G20 governments will need to find great political courage if they are to curb multinationals’ multi-billion tax dodging, campaigners warn today.
Christian Aid, ActionAid International, Oxfam, the Global Alliance for Tax Justice, Tax Justice Network, Tax Research UK and others say governments’ attempts to curb the epidemic of tax evasion and avoidance will only succeed if politicians stand up to lobbying by the powerful companies and individuals who benefit hugely from the status quo.
Their warning comes in a new briefing endorsed by 34 organisations and published in the run-up to G20 countries’ summit meeting in St Petersburg on 5th and 6th September.
Alex Prats, Principal Economic Justice Adviser at Christian Aid, said: ‘Almost every day, we get new evidence that aggressive tax avoidance and sometimes evasion are now the norm for large multinational companies, not the exception. They are making billions from these activities, while ordinary people – especially in poor countries - pay the price in higher taxes and worse public services.
‘G20 and other governments have around two years in which to prove whose side they are really on.’
The new briefing argues that governments should explore a range of possible ways to make multinationals pay their fair share. James Henry, Chair of the Global Alliance for Tax Justice, said: ‘The G20 and other governments, as well as the OECD, should explore credible alternatives to the existing rules. At present, despite its good intentions, the OECD seems to be trying to save an international corporate tax system which is fundamentally flawed.’
Richard Murphy of Tax Research UK said 'This plan recognises the progress made by the BEPS programme, but also makes clear that it falls a long way short of the reform that is really needed - including full country-by-country reporting by multinational corporations.'
In July, the OECD published an Action Plan on Base Erosion and Profit Shifting (BEPS) by multinational companies.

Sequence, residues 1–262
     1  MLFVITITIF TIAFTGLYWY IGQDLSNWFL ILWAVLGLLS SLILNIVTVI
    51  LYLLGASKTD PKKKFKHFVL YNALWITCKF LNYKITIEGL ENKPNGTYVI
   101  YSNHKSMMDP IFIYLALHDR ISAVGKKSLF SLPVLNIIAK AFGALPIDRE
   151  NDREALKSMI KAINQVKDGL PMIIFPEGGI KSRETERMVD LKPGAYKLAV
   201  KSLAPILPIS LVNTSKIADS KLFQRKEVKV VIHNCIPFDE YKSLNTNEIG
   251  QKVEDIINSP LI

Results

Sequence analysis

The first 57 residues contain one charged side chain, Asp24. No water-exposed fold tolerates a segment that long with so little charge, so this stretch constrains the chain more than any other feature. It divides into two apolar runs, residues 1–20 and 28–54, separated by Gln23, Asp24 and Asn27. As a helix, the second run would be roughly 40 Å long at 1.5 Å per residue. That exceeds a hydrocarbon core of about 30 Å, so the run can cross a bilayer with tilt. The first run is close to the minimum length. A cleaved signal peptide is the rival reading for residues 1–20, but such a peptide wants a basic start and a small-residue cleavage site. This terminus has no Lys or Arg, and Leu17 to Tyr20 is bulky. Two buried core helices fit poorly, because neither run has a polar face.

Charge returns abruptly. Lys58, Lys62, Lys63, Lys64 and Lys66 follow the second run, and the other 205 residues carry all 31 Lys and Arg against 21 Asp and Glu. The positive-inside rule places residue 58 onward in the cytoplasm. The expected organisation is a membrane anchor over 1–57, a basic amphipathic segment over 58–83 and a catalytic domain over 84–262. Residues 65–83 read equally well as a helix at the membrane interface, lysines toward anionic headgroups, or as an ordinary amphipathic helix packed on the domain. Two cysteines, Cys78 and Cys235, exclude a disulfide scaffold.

Campaigners’ new briefing encourages policymakers to pursue a rigorous study of the merits, risks and feasibility of alternatives to the OECD’s existing rules, such as unitary taxation and formulary apportionment.
In addition, it urges the OECD and G20 countries to do more to include poor countries in the BEPS discussions on making multinationals pay their fair share.
Maria Villanueva, policy advisor at Oxfam, said: Maria Villanueva, policy advisor at Oxfam, said: ‘The people hardest hit by multinational tax dodging are poor people in developing countries. Developing countries can’t compete with corporations’ sophisticated methods of tax dodging and lose billions every year in potential revenues. This is a disaster for people living in poverty.
‘The OECD and G20 countries should urgently ensure that developing nations are included as equal partners in the international search for solutions – not just asked to rubber-stamp plans agreed elsewhere. So far, with the exception of the BRICS, this has not happened.’
A third part of the briefing looks at what else governments must do, beyond the OECD BEPS Action Plan, to curb the financial secrecy which sustains tax evasion, corruption and money laundering across the world. Reforms such as automatically exchanging tax information between governments and greater transparency around the identities of the real owners of multinationals and what the companies do in each country where they work must become the norm.